England has trouble synchronising the sounds of its place names with the way they are written. Berwick becomes “Berrick”. Leicester is “Lester”. Salisbury is “Sorlsbry”. This is a source of great confusion to American tourists and great entertainment to Britons. But amid all the linguistic horrors, we have the simplicity of Bath.
Just Bath. Like the thing you wash yourself in.
Even more gratifyingly, Bath is named after an ancient Roman bath within the city, meaning that it is the most morphologically, etymologically and historically satisfying place in England.
The Romans, those devotees of recreational bathing, were the first to recognise the merits of the site. They invaded and promptly noted that the area around Bath had a natural hot spring which seemed only to be lacking a temple and some masonry. Generations of Romans and Romano-Britons appear to have used the site to lounge in warm water and discuss the price of olives or plot against the Emperor.
Bath, then known as Aquae Sulis, must have been a bit of a refuge for the transplanted Italians. Britain is a long way from Rome and Roman Britain north of Bath was largely a series of semi-military encampments surrounded by restless barbarians. Although Rome exercised formal military control of what is now England, it may not have felt particularly Roman. The baths at Aquae Sulis perhaps fulfilled the same role as the bar in Western hotels in the developing world.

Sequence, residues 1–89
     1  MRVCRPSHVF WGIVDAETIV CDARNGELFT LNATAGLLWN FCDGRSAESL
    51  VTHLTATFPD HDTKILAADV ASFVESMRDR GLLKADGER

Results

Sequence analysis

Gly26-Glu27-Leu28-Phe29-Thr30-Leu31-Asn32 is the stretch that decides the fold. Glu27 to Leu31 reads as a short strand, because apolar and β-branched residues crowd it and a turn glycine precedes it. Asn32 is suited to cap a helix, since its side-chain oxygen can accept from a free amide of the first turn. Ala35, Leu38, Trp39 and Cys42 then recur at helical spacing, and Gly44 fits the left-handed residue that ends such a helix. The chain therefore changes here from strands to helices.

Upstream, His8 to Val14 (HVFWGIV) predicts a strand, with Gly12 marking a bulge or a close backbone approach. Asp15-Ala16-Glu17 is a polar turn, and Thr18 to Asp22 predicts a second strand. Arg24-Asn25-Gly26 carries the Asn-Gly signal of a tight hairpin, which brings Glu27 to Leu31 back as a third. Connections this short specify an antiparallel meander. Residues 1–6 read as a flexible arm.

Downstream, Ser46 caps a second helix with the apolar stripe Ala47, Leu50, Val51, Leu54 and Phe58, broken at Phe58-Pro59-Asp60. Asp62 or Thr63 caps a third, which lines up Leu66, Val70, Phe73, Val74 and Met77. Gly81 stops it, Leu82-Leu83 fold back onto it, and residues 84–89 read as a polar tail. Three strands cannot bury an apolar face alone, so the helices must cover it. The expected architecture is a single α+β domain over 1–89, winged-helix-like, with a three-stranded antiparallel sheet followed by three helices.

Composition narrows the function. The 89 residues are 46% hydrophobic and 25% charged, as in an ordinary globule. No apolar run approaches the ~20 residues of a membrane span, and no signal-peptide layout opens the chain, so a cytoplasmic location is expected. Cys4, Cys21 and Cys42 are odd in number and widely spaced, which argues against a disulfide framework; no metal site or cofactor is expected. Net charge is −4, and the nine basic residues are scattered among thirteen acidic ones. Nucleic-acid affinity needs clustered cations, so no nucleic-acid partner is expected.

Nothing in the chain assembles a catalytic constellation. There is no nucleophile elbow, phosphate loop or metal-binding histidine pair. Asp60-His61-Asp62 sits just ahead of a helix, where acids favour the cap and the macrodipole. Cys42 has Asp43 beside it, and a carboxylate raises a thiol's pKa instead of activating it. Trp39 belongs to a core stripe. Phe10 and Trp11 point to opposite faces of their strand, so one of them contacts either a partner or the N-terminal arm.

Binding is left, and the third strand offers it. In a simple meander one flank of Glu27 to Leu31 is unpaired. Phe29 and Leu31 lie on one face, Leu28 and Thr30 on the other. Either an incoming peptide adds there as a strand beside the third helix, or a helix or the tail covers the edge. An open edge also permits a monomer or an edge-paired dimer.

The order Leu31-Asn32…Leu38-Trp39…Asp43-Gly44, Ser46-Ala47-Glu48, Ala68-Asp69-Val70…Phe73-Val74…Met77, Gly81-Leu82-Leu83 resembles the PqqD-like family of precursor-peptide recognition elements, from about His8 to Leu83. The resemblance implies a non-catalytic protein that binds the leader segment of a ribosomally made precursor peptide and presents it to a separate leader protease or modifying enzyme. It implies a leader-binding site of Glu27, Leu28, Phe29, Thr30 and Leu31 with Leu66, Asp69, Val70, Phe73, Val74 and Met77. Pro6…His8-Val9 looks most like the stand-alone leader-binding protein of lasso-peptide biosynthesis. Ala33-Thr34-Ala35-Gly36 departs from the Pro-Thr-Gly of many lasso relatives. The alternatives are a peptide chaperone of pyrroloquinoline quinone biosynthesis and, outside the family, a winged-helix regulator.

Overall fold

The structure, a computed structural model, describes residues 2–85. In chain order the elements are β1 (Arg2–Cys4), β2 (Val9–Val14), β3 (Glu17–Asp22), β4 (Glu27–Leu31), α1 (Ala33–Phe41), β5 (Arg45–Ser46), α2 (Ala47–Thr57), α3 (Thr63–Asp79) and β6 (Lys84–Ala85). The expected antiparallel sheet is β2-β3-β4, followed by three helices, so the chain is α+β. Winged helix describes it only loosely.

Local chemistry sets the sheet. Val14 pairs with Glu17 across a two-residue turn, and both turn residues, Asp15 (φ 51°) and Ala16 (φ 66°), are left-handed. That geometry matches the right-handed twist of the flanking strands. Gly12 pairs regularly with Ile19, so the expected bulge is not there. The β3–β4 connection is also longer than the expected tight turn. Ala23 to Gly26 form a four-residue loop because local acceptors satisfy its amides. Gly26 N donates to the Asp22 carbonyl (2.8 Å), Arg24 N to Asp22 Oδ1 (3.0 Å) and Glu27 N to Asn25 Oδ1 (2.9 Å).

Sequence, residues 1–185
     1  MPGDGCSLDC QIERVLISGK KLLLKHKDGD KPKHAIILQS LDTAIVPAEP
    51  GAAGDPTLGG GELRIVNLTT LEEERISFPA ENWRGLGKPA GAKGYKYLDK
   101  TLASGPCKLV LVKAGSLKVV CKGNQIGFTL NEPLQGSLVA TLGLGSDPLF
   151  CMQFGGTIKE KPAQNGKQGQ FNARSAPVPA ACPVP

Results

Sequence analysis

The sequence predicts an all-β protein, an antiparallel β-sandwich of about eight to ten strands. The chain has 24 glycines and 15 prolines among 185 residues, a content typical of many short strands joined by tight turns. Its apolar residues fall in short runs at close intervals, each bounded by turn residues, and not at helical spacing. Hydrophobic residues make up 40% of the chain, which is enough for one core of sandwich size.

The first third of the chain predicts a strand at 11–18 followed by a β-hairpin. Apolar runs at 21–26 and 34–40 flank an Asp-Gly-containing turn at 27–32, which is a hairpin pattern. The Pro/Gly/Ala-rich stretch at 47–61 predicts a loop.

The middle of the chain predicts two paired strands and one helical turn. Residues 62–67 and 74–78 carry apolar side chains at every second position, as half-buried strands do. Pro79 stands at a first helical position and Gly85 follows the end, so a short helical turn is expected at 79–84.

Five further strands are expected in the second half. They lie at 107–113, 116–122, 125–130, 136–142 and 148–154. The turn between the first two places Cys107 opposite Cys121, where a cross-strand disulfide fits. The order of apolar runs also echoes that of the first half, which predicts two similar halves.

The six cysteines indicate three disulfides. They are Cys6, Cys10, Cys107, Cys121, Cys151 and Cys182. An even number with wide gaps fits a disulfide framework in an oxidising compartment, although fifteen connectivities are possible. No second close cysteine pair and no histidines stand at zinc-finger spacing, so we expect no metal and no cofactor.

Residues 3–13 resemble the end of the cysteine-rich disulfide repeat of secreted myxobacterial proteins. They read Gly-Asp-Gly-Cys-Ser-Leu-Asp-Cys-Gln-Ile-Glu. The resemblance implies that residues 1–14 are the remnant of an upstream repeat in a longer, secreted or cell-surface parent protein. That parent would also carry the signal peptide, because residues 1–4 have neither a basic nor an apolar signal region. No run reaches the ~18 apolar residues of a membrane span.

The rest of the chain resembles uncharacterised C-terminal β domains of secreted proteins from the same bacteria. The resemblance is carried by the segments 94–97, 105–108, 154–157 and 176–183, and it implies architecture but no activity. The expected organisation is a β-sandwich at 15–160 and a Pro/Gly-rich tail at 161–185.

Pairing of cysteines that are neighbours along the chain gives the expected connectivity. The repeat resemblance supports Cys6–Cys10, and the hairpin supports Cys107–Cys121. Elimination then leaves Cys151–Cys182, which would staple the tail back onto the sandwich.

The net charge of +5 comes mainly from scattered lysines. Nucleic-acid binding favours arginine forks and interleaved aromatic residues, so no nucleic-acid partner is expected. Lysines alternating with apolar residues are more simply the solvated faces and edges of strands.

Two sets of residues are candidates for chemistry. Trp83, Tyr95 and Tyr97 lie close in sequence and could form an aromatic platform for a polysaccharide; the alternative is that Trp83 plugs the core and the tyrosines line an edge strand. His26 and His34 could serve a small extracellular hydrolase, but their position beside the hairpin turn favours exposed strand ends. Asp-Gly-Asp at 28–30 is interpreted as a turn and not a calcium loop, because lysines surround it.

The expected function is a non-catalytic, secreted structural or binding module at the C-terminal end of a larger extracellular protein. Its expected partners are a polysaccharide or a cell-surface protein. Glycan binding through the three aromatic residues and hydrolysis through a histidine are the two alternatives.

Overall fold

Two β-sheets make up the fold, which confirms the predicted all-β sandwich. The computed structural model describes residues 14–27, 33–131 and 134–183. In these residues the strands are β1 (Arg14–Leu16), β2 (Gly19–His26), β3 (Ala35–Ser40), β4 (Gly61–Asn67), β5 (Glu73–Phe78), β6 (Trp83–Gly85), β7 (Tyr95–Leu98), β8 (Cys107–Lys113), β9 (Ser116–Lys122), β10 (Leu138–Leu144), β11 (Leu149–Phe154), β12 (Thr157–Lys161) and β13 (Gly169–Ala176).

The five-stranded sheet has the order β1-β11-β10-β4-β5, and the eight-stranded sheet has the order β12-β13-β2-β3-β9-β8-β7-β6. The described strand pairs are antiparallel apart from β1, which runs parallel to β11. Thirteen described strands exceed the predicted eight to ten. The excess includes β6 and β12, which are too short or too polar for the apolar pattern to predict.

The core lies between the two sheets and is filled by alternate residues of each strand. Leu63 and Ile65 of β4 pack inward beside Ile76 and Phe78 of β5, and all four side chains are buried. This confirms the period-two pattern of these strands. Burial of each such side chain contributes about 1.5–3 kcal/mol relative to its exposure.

In due course the Romans retreated from Britain and the site fell into disuse. The Roman bath is now many metres below street level and the majority of the Roman structures were destroyed soon after the collapse of the Western Empire. The site changed hands between various Anglo-Saxon rulers over the early medieval period but was finally resettled permanently in the 12th century. The new name of the town was Bath, and it was of a firmly Christian character.
The Bath that people swoon over today was largely built in the 18th century. The rediscovery of the Roman city coincided with a national rediscovery of Roman architectural forms. The city was almost completely reconstructed in the Palladian style, an extrapolation of Roman ideas. The local cream-coloured limestone is used extensively, which was a work of genius. The light and airy designs are built with light and airy stone, resulting in a beautiful and harmonious look to the city.
Extending far beyond the original borders of the Roman city, this new city uses sweeping colonnades and a connecting series of terraces and squares to make something which is both grand and human scale. The Romans tended towards the monumental, but the Georgian reconstruction found a happy middle ground. Even the river Avon running through the town is domesticated by the construction of the Pulteney bridge, which is closely modeled on the design of Italian bridges such as the Ponte Vecchio in Florence.
The overall impression of Bath is that it is undeniably beautiful. This is one of those rare sites where later renovation is an undoubted improvement on the original design. The Roman baths can still be visited, even in their current subterranean location, but the real pleasure in visiting Bath is in wandering the streets and pretending to be Jane Austin.
Although she reportedly hated the place. What a peasant.